This month’s issue of Teen Vogue is devoted to female creativity and female empowerment. They decided to feature an op-ed by former Secretary of State Hillary Clinton. Maybe the editors thought it would boost circulation and she undoubtedly saw this as a chance to sell herself to really young people.
The problem is that her message is flat and her solutions are tired rip-offs from someone else that will only make the financial future harder for young people. Clinton copied from Vermont Senator Bernie Sanders’s homework in pushing for "free" college plans in a bid to scoop up his young supporters.
Peddling the Bernie plan, she panders big to Teen Vogue readers by noting:
… I can’t think of a single issue facing our country or our world that wouldn’t be better off with more of you bright and committed women and men speaking out and taking action.
For example, too many of you are starting your lives struggling right off the bat, trying to pay for college or graduating saddled with debt. It would be all too easy for politicians to turn a blind eye to this problem. But instead you’re coming forward to share your experiences and calling on elected officials to take on the skyrocketing cost of college and do something about increasingly high loan rates. You’re taking bold steps to make higher education more affordable—but there’s a lot more work to do, and we need your help.
Clinton is absolutely right that many young people are struggling with student loan debt. The average graduate from the Class of 2016 emerged into the world with debt in the amount of about $35,000. Nationally, all of us student loan debt holders owe over $1.2 trillion dollars. As we’ve reported, student loan debt is holding Millennials back from purchasing homes, getting married, and hitting other generational milestones that our parents and grandparents had hit by these points in our lives.
Offering young people “free” college only makes the problem of college affordability worse, however. Not only is it pandering to what politicians think young people want. That cost of "free" college will be borne by us through higher taxes, greater national debt, and most immediately, higher costs for tuition and fees at higher education institutions, as a result of more government money in higher education. According to the Federal Reserve Bank of New York, for every additional dollar in federal aid, colleges and universities increase their tuition by 55-65 cents. If Washington is guaranteeing to pick up the tab for a student’s bills, schools have no incentive to control their costs. We’re seeing tuition and other costs skyrocket out of control because of Washington’s out-of-control spending.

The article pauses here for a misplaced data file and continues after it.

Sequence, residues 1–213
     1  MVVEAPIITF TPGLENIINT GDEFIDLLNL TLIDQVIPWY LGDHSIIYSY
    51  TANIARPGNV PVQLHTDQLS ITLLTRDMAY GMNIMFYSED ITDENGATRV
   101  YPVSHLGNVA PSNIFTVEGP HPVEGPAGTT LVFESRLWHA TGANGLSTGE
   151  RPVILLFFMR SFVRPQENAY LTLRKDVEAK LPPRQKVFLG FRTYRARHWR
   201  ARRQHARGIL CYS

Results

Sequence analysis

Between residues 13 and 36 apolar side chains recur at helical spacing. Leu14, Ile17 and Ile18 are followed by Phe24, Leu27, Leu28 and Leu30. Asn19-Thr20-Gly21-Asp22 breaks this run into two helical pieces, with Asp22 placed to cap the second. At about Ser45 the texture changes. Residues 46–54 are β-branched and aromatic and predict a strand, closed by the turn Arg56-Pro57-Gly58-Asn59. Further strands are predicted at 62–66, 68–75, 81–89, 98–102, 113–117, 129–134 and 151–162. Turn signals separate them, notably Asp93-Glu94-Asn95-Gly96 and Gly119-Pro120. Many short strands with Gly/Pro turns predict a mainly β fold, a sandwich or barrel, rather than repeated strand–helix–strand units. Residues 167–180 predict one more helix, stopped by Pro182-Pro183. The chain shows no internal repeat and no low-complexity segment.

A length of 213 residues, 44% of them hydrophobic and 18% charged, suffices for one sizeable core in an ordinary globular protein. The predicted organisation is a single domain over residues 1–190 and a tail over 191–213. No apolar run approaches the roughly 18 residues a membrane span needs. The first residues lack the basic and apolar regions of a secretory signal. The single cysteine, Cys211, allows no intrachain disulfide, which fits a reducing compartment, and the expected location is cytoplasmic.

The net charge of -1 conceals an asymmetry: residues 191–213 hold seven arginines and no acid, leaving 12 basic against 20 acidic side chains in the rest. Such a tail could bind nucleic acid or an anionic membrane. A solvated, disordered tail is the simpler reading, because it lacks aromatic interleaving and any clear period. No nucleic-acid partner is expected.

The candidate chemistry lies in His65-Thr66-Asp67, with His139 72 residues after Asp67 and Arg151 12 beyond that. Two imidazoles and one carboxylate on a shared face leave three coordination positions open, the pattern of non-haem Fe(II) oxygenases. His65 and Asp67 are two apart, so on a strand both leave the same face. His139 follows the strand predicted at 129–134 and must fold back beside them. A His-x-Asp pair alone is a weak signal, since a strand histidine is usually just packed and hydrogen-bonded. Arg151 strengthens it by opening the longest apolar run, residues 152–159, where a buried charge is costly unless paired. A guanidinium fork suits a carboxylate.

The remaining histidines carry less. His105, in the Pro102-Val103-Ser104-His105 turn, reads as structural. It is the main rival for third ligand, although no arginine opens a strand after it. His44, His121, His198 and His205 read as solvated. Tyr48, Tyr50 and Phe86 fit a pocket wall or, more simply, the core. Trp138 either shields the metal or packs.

Clinton also misses her own point about young people finding creative solutions to the problems society faces. Young people are bypassing the traditional ways of getting things done, whether by “educating” themselves for the new economy or finding employment that doesn’t fall into the category of “good” jobs that Clinton regards as the only appropriate jobs. Think driving for Uber or working as a freelancer on Thumbtack.
College is not the best path for every young woman reading Teen Vogue. She may decide to pursue an apprenticeship with an interior design company to land an entry-level that would set up her career. However, in her state there may be occupational licensing rules that make it harder and more costly to become a licensed interior designer than even an emergency medical technician (EMT). This young woman is not concerned about the cost of college but the hurdles to becoming an interior designer. Clinton has been silent on how to help the many young people who don’t go to college though.
Young readers who flip open Teen Vogue may be puzzled by Clinton’s essay amid the lists of fall must-haves and advice for landing your next boyfriend. Some may find it inspiring, but there’s nothing new in her ideas. They are what we've seen throughout the last nearly eight years.
Interestingly, her essay may be targeted to teen girls, but she may end up speaking to adult male college students. Just ask this guy who “subscribes” to the magazine. As Racked exposes the bundling tactics of such magazines, they are landing on many mailboxes, but who knows if they are the correct target.
All teens – not just the college-bound ones- need jobs and opportunity, not the same old, same old.